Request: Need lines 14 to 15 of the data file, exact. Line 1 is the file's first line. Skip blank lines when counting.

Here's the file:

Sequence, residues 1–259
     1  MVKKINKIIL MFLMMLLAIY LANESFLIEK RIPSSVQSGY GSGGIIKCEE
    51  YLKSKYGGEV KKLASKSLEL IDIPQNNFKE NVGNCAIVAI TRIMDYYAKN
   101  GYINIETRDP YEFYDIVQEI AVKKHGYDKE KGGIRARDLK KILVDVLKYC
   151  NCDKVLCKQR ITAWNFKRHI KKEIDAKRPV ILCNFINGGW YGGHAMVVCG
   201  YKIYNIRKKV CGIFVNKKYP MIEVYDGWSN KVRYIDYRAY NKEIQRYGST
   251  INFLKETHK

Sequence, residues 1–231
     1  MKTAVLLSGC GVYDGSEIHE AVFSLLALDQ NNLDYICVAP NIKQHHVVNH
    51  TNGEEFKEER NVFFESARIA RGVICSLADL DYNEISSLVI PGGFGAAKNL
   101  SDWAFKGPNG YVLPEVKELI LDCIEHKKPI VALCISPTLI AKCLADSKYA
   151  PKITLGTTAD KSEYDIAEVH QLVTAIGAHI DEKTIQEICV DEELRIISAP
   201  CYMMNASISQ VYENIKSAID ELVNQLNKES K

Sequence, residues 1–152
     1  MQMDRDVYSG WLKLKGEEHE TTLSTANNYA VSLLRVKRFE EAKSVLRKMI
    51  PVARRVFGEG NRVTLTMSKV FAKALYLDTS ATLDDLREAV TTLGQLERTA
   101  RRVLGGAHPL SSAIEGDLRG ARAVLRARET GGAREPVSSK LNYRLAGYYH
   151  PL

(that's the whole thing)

Sequence, residues 1–152
     1  MQMDRDVYSG WLKLKGEEHE TTLSTANNYA VSLLRVKRFE EAKSVLRKMI